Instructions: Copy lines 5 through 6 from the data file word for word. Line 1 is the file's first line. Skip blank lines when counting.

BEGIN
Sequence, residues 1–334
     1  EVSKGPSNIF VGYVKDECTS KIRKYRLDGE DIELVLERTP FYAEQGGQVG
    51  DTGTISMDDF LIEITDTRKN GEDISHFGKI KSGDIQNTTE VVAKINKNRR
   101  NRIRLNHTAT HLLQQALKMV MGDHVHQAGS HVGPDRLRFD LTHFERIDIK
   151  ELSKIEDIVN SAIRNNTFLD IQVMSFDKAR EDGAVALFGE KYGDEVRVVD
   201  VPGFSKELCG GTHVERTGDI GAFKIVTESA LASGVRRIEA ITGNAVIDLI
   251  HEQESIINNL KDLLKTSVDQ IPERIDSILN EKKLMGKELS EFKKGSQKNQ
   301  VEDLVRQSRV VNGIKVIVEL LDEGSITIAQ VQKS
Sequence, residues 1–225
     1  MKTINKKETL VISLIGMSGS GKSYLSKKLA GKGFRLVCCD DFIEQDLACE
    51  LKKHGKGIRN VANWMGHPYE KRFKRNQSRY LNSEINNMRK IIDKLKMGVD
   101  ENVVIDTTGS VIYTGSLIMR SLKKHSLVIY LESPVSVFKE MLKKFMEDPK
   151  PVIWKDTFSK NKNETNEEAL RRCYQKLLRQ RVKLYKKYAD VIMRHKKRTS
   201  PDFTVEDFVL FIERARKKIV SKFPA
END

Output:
   151  ELSKIEDIVN SAIRNNTFLD IQVMSFDKAR EDGAVALFGE KYGDEVRVVD
   201  VPGFSKELCG GTHVERTGDI GAFKIVTESA LASGVRRIEA ITGNAVIDLI